“You want me to wake up at four in the morning to call you in sick tomorrow?”

“Well, yeah. I’ve got to skip school so I can judge at the Crisco pie-making contest in Orlando. It’s FREE pie, dad!”

I was having this conversation with my 18-year-old son in April. I was in Mexico, speaking at the Sovereign Society’s Total Wealth Symposium and my son needed my help.

So, what did I do?

Before I answer, let me build my defense here. The Rational Man Theory that mainstream economists advocate says that people, when faced with a choice, will do what’s right for themselves. In other words, each consumer will make a rational decision when faced with a tradeoff about their situation.


I beg to differ.

Take money market accounts for example. They are a great idea, right? I imagine most everybody reading this has money in a money market account.

And you’re getting slaughtered, aren’t you?


Your money market accounts earn nothing. In fact, it earns a good 2.5% less than inflation.

Now, the Rational Man Theory says you should take all your money out of your money market accounts and go buy stuff. But you’re not doing that, are you?

Why not?

Because, the reality is, we’re really an irrational species. We do stupid things all the time. Like keeping our cash in our underperforming money market accounts… or rushing into the markets at the peak of a boom… or waking up at 4 a.m. in a Mexican hotel to call a Tampa school principal (yes, I did it)…

A Better Way to Understand the Economy

There is definitely a better way to understand the economy and what happens. It’s simple. Understand what drives people.

What motivates you to take out your credit card or cash and actually do something with it? What motivates you to buy a bigger house, take out a bigger mortgage and leverage yourself to your eyeballs? What motivates you to make irrational decisions?

Thanks to our 20 years of research into demographic trends and consumer spending, we have the answer to those questions.

It is children.

Children make us do stupid things. They push us to make irrational decisions. Occasionally those decisions are rational, but mostly not. These irrational decisions influence how we spend our money.

And because, generationally speaking, we follow predictable spending patterns as we age, this knowledge becomes useful to us. For example, when a generation reaches the age and stage of life where they have children, you’ll notice a boom in baby furniture. When those kids go off to school, you’ll see a boom in stationary supplies. When they’re about 14 years old, you’ll see a boom in the potato chip industry. That’s us, as parents, buying tons of chips for our ravenous kids.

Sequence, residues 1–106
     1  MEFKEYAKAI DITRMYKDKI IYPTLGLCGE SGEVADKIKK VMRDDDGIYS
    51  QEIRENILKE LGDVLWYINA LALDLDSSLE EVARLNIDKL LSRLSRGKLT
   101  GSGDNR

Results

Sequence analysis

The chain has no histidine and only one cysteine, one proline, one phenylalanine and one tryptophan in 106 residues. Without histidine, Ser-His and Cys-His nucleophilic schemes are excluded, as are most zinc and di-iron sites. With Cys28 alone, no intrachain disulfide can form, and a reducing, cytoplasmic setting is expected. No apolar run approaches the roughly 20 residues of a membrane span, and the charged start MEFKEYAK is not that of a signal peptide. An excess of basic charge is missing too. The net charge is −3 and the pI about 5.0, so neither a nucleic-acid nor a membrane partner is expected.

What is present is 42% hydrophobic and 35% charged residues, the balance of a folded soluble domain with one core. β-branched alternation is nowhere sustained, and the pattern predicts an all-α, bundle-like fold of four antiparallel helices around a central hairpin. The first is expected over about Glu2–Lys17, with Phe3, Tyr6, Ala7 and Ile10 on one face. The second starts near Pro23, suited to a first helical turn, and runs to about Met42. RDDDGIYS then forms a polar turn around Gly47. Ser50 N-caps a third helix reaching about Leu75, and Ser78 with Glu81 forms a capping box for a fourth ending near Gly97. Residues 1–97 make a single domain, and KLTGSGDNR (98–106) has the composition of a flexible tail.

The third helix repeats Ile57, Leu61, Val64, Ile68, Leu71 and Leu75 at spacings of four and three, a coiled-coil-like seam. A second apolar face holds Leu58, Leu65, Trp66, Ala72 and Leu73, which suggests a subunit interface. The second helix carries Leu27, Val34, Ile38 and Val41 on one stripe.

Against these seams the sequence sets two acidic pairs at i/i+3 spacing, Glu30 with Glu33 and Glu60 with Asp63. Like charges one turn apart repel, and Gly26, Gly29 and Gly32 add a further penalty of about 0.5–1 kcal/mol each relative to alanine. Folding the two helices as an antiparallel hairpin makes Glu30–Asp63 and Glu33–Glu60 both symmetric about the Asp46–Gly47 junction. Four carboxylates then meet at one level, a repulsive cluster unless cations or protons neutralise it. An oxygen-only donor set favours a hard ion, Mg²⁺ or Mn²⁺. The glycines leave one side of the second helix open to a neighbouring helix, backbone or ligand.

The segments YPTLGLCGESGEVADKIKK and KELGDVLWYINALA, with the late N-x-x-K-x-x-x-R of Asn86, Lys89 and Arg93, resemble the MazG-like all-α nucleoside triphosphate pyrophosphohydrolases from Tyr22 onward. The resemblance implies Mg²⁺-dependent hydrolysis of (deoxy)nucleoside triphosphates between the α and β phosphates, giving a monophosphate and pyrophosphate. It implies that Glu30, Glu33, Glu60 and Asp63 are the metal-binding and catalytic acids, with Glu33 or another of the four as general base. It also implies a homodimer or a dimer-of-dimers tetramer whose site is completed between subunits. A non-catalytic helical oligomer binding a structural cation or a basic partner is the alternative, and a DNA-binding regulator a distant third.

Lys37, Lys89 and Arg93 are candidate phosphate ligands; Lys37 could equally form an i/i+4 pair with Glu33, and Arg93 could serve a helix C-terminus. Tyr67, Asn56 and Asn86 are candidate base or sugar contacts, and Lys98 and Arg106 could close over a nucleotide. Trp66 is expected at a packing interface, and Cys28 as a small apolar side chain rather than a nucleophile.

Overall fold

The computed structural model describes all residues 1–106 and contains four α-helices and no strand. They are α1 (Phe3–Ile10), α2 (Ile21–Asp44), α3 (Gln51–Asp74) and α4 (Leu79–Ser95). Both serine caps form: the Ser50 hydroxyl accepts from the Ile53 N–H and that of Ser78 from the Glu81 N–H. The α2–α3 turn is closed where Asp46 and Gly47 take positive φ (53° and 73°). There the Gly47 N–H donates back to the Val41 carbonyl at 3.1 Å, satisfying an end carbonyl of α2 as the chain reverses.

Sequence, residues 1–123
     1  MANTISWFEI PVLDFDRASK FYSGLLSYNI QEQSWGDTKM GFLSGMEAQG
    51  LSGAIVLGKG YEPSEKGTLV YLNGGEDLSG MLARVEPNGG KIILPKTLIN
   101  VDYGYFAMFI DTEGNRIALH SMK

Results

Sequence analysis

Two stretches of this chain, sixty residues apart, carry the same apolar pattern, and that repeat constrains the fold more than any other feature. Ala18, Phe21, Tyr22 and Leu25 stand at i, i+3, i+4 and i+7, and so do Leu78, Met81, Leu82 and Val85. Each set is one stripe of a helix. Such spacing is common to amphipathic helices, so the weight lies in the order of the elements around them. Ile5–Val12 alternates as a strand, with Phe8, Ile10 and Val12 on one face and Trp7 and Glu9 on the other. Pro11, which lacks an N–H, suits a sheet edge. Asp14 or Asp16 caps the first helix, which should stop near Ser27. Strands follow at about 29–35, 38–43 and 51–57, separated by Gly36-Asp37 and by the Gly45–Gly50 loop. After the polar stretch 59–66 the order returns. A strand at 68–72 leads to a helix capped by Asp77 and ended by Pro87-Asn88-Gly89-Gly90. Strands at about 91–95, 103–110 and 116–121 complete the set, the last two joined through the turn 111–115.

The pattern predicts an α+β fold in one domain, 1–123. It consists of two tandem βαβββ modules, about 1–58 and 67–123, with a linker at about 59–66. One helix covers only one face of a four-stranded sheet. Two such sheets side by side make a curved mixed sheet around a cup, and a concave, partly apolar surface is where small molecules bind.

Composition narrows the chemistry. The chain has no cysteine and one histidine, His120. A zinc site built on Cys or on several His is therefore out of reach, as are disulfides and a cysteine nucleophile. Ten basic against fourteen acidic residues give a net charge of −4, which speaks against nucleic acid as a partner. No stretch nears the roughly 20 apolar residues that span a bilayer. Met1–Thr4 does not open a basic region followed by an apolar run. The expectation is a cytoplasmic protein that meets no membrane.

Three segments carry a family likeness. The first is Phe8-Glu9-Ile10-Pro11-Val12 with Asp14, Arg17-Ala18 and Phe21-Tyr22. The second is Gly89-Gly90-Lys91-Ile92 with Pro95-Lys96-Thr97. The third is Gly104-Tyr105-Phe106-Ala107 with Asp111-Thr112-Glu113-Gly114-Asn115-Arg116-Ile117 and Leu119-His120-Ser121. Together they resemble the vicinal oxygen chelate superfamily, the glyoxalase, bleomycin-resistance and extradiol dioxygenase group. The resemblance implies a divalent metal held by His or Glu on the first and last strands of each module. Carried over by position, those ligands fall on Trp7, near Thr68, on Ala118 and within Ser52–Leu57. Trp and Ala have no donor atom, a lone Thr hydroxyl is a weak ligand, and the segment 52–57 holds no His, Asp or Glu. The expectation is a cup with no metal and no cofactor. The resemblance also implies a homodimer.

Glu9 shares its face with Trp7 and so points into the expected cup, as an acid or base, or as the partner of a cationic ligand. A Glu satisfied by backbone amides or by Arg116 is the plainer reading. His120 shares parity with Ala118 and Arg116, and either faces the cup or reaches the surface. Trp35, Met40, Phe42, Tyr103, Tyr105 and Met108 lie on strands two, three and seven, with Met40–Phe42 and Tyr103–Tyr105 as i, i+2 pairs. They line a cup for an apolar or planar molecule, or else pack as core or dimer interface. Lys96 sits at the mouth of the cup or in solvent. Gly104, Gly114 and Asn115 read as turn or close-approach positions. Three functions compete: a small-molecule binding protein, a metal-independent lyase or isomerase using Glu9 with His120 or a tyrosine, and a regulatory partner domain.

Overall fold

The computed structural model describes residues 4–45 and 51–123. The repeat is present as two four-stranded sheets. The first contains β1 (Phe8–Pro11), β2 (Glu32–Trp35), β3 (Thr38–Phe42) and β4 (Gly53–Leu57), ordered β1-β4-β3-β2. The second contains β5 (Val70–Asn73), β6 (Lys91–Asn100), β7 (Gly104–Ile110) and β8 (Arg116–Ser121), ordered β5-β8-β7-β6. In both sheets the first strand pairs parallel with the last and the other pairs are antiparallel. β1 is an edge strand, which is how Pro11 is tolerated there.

This tells us something about the years ahead…

The biggest generation in America – the Baby Boomers – is now solidly in the empty-nester stage of life. They’re past the time in life where their children are driving them to make irrational decisions. At this point, their children are still out hunting for a partner with which to repeat the whole cycle for themselves.

Instead, the parents are on to the next financial stage, which is saving every last nickel for retirement, hence the reason no one is busy pulling money out of money market accounts, no matter how little they pay!

As for the next huge spending push for the Boomers that lies ahead, it will be heavily concentrated in healthcare and services as this generation ages.

Also, the generations coming up behind the Baby Boomers are not as large… and they’re young. The leading edge of the Echo Boomers is only now starting to have children. Even though they will ultimately create booms in more typical consumer products, it won’t be today… or tomorrow.




Ahead of the Curve with Adam O’Dell

Healthcare Making New Highs

The healthcare sector still looks strong. Investors have begun digesting the consequences of the Affordable Care Act that the Supreme Court just upheld.

The consequences of this act won’t be fully understood for some time but two things are clear…



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Investing is no longer a set-it-and-forget-it affair. If you’re still using that outdated approach in today’s irrational markets, you’re setting yourself up for massive losses and a difficult retirement. There’s a much… Read More>>
Rodney Johnson
Rodney works closely with Harry to study the purchasing power of people as they move through predictable stages of life, how that purchasing power drives our economy and how readers can use this information to invest successfully in the markets. Each month Rodney Johnson works with Harry Dent to uncover the next profitable investment based on demographic and cyclical trends in their flagship newsletter Boom & Bust. Rodney began his career in financial services on Wall Street in the 1980s with Thomson McKinnon and then Prudential Securities. He started working on projects with Harry in the mid-1990s. Along with Boom & Bust, Rodney is also the executive editor of our new service, Fortune Hunter and our Dent Cornerstone Portfolio.